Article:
• Hedging – managers may wish to hedge the currency and interest rate risks inherent in fund portfolios. Where existing derivatives contracts are in place fund managers should review existing contracts to ensure adequate protection is provided in the case of a partial or complete break up of the euro – for example, are they able to terminate the transaction due to a force majeure event – what happens if the currency in which the underlying asset is denominated changes?
  • Investor consent – to the extent any changes are required to the SIPO or trust deed, fund managers should consider whether the consent of investors is required. Even if consent is not strictly required, fund managers should consider whether communication with investors is appropriate.

Asset ownership and quality

Issues to consider include:

  • Custody - how the underlying investments are held may affect the outcome. Does the fund have a proprietary (ie ownership) interest in the underlying asset, or merely a contractual right to delivery against an intermediary institution such as a custodian. This distinction can be critical in the event of the insolvency of the intermediary, when a proprietary claim may give a priority over other creditors, but a contractual claim may not or may be subject to a haircut.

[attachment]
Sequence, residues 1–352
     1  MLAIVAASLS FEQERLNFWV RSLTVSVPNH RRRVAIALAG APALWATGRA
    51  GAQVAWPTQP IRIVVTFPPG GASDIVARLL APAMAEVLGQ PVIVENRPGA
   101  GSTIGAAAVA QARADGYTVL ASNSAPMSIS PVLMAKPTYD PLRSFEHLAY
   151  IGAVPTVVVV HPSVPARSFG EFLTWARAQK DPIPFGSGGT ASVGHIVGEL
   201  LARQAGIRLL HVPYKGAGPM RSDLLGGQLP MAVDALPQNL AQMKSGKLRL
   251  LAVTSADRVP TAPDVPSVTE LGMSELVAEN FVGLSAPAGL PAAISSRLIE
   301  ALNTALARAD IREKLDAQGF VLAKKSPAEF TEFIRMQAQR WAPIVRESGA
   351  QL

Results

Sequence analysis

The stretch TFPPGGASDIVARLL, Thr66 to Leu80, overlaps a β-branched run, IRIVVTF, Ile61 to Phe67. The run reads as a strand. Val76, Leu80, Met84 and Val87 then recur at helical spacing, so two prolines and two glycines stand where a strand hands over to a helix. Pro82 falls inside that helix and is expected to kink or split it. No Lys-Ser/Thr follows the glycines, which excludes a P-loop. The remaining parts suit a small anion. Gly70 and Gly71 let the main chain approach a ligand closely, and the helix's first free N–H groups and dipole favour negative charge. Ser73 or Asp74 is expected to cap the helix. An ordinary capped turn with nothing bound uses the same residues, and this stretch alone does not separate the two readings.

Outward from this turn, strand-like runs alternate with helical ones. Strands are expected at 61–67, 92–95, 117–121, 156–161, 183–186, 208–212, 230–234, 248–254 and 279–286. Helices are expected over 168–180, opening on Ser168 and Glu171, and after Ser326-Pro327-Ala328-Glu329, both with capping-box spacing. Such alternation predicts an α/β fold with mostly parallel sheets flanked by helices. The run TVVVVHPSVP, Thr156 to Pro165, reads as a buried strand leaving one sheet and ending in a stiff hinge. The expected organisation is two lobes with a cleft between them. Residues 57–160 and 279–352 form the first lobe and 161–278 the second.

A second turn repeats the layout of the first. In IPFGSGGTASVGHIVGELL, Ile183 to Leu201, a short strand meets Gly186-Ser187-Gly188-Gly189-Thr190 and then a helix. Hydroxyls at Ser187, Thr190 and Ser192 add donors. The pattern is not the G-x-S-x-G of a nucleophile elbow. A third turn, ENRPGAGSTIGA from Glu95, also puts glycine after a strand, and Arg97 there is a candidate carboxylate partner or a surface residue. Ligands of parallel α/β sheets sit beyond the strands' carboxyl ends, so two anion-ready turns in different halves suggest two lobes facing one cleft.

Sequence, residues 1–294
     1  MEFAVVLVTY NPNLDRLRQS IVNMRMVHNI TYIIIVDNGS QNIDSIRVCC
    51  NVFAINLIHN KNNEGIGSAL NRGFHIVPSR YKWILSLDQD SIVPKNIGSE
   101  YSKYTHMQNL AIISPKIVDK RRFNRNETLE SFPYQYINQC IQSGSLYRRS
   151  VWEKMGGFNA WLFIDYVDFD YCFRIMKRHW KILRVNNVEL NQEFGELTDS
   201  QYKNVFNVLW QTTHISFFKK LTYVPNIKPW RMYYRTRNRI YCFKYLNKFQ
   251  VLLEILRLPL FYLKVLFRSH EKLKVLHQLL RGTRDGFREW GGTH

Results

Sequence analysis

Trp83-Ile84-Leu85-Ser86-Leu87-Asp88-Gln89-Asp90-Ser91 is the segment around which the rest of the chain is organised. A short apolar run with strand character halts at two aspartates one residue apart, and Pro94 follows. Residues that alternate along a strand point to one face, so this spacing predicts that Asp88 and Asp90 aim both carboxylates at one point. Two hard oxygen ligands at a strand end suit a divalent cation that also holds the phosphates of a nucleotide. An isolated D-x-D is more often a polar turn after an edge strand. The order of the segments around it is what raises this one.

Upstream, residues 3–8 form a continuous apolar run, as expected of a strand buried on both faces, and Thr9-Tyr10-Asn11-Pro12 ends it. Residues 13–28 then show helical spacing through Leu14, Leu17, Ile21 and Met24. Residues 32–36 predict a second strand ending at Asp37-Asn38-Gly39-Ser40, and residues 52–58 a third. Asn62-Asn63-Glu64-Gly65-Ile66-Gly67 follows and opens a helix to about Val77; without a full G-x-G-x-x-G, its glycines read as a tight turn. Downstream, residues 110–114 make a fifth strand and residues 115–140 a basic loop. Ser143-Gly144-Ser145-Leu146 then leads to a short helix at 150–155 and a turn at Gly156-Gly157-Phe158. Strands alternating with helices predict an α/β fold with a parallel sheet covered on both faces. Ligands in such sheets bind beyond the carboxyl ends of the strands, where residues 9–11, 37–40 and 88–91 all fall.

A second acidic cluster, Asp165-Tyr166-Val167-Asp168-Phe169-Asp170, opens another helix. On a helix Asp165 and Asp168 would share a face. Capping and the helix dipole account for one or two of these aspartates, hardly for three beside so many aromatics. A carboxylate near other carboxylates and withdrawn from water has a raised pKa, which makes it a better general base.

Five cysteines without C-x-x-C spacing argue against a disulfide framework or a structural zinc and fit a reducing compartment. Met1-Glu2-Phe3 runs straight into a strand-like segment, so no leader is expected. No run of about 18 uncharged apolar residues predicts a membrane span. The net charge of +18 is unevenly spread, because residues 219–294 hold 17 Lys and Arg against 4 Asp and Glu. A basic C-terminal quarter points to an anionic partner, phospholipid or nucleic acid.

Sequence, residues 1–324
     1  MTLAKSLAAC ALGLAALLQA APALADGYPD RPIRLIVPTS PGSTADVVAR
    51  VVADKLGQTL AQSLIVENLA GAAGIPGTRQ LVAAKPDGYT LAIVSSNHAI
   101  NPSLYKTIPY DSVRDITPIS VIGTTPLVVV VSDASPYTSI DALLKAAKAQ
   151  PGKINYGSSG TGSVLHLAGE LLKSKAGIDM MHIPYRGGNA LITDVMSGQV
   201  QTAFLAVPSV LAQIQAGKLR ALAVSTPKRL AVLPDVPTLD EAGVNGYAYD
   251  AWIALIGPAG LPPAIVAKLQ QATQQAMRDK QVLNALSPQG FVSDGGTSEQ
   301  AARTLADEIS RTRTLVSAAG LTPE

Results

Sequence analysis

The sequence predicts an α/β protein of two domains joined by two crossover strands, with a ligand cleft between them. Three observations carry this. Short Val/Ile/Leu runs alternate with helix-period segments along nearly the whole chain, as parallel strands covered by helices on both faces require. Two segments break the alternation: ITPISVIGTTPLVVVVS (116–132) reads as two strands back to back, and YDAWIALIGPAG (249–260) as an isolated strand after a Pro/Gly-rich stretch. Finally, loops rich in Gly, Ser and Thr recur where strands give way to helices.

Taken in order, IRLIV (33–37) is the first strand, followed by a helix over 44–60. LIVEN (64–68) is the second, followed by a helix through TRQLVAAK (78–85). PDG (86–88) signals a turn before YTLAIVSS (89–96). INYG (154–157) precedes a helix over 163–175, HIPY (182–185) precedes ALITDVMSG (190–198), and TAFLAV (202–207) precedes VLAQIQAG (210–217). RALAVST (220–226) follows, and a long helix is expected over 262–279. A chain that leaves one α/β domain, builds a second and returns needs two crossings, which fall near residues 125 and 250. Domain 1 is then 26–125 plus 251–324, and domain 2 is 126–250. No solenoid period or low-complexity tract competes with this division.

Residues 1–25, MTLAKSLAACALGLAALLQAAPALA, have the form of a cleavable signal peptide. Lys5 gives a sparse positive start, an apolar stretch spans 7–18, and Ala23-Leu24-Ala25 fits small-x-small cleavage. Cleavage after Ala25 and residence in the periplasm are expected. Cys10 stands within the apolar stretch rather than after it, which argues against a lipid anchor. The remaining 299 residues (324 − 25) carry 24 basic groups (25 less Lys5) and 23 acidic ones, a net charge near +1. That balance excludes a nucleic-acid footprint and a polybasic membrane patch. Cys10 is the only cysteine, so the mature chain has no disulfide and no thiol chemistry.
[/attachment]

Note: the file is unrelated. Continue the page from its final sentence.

• Government bonds – debt issued by Governments of highly-indebted eurozone countries is more susceptible to write down or the introduction of collective action provisions because it is often issued under the governing law of the relevant government. Bank deposits may similarly be governed by local law. This may make them more vulnerable to a domestic restructuring. For example, private creditors holding Greek government debt were forced to accept lower interest rates and a more than 50 per cent write down on the face value of their assets.
  • Corporate or bank bonds – Eurobonds are often issued under English or another foreign law. That may provide a degree of insulation from a domestic law restructuring. Fund managers should consider undertaking due diligence as to whether an instruments of this type invested in contain "euro" definitions, and appropriate governing law, jurisdiction and place of payment provisions. They should also consider the jurisdiction of incorporation of the issuer and any guarantors.